Constantinus fugam versus Italiam dirigit; missis a Jovino Principe percussoribus super Mentio Flumine, capite truncatur. Multi nobilium jussu Jovini apud Avernis capti, & a ducibus Honorii crudeliter interempti sunt. Trevirorum civitas, factione unius ex senatoribus nomine Lucii, a Francis capta & incensa est. — Castinus Domesticorum Comes expeditionem accipit contra Francos, &c. Then returning to speak of Theudomir, he adds: Franci electum a se regem, sicut prius fuerat, crinitum inquirentes diligenter ex genere Priami, Frigi & Francionis, super se crearunt nomine Theudemerum filium Richemeris, qui in hoc praelio quod supra memini, a Romanis interfectus est; that is, in the battle with Castinus’ army. Of his death Gregory Turonensis makes this further mention: In consularibus legiums Theodemerem regem Francorum filium Ricimeris quondam, & Ascilam matrem ejus, gladio interfectos.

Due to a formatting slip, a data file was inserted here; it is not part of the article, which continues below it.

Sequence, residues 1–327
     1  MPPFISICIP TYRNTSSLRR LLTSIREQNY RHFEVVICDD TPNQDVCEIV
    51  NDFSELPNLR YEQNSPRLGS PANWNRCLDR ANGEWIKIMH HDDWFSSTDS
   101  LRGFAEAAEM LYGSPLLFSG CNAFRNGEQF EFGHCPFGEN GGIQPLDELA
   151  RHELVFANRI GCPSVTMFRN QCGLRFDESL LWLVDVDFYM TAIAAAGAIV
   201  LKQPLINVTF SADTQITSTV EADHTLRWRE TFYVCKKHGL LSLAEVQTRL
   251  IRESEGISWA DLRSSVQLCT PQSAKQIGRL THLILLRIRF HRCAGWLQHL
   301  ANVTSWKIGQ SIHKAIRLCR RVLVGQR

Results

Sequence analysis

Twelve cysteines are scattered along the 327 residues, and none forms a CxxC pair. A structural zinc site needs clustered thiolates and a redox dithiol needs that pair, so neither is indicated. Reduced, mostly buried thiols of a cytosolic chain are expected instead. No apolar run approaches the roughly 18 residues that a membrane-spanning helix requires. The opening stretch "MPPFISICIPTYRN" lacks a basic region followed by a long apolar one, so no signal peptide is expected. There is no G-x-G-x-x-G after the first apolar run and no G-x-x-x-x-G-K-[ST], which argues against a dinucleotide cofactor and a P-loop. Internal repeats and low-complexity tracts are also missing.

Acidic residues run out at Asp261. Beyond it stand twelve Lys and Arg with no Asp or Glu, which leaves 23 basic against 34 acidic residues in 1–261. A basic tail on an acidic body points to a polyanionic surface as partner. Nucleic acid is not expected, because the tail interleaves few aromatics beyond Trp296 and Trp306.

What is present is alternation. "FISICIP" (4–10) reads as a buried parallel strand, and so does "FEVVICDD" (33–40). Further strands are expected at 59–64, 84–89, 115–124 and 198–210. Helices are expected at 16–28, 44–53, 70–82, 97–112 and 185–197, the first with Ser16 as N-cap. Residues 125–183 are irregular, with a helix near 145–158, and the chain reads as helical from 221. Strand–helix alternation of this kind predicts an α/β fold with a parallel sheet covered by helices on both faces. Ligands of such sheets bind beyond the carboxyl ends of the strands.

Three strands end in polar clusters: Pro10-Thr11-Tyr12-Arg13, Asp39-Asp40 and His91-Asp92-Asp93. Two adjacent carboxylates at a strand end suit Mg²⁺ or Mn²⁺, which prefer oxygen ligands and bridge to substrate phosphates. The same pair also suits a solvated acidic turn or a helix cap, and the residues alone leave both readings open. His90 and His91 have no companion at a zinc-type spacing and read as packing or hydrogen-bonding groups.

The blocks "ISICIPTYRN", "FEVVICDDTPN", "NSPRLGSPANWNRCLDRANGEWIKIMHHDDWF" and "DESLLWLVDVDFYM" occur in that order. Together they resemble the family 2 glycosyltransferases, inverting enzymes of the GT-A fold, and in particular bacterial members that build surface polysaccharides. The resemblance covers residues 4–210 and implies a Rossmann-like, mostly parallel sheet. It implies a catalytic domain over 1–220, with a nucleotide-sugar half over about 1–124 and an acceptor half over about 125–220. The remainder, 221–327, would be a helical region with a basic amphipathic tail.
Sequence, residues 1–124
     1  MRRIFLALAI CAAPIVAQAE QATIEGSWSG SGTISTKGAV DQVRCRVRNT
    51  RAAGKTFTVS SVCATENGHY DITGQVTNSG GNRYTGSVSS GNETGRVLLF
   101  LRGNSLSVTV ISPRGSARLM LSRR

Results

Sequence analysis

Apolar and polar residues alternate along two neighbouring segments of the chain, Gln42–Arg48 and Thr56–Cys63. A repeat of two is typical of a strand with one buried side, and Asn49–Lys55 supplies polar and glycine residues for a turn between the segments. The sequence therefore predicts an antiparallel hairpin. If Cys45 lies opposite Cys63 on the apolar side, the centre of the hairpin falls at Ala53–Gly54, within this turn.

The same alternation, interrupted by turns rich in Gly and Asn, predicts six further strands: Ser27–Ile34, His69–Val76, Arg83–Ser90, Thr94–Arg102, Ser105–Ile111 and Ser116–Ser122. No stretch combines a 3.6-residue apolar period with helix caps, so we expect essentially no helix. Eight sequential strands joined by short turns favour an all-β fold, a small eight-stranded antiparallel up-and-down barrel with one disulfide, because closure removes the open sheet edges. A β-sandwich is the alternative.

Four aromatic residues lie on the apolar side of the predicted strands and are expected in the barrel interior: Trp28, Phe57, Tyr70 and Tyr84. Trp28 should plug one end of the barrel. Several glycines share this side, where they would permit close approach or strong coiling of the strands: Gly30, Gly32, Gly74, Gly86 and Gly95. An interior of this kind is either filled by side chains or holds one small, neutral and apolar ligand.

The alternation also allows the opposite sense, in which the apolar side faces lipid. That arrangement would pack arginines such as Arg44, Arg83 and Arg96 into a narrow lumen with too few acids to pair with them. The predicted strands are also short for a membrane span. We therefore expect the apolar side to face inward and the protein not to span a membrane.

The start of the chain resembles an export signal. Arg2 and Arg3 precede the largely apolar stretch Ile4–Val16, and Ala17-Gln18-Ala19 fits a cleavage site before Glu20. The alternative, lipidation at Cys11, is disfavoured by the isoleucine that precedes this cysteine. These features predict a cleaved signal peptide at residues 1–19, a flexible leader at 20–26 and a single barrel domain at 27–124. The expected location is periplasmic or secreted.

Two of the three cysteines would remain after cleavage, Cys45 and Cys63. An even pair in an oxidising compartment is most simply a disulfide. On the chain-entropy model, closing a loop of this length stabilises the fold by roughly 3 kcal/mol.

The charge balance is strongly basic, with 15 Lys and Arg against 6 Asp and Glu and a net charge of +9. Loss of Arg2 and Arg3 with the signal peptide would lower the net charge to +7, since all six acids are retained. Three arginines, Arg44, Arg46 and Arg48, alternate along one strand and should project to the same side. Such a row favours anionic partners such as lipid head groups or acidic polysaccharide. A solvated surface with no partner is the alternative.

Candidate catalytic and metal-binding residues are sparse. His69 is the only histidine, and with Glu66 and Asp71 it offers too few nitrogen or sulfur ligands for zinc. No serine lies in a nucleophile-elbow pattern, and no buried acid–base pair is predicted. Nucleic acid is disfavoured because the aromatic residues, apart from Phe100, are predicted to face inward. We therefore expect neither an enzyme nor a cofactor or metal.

Upon this victory of the Romans, the Franks and rebelling Gauls, who in the time of Theudomir were at war with one another, united to strengthen themselves, as Ordericus Vitalis thus mentions. Cum Galli prius contra Romanos rebellissent, Franci iis sociati sunt, & filium pariter juncti, Ferramundum Sunonis ducis filium, sibi regem praefecerunt. Prosper sets down the time; Anno 25 Honorii, Pharamundus regnat in Francia. This, Bucher well observes, refers to the end of the year 416, or the beginning of the next year, dating the years of Honorius from the death of Valentinian; and argues well, that at this time Pharamond was not only King by the constitution of the Franks, but crowned also by the consent of Honorius, and had a part of Gallia assigned him by covenant. And this might be the cause that Roman writers reckoned him the first King: which some not understanding, have reputed him the founder of this kingdom by an army of the Transrhenane Franks. He might come with such an army, but he succeeded Theudomir by right of blood and consent of the people. For the above cited passage of Fredigarius, Extinctis Ducibus, in Francis denuo Reges creantur ex eadem stirpe qua prius fuerant, implies that the kingdom continued to this new elected family during the reign of more Kings than one. If you date the years of Honorius from the death of his father, the reign of Pharamond might begin two years later than is assigned by Bucher. The Salique laws made in his reign, which are yet extant, show by their name that it was the kingdom of the Salii over which he reigned; and, by the pecuniary mulcts in them, that the place where he reigned abounded much with money, and consequently was within the Empire; rude Germany knowing not the use of money, till they mixed with the Romans. In the Preface also to the Salique laws, written and prefixed to them soon after the conversion of the Franks to the Christian religion, that is, in the end of the reign of Merovaeus, or soon after, the original of this kingdom is thus described: Haec enim gens, quae fortis dum esset & robore valida, Romanorum jugum durissimum de suis cervicibus excussit pugnando, &c. This kingdom therefore was erected, not by invasion but by rebellion, as was described above. Prosper in registering their Kings in order, tells us: Pharamundus regnat in Francia; Clodio regnat in Francia; Merovaeus regnat in Francia: and who can imagine but that in all these places he meant one and the same Francia? And yet ‘tis certain that the Francia of Merovaeus was in Gallia.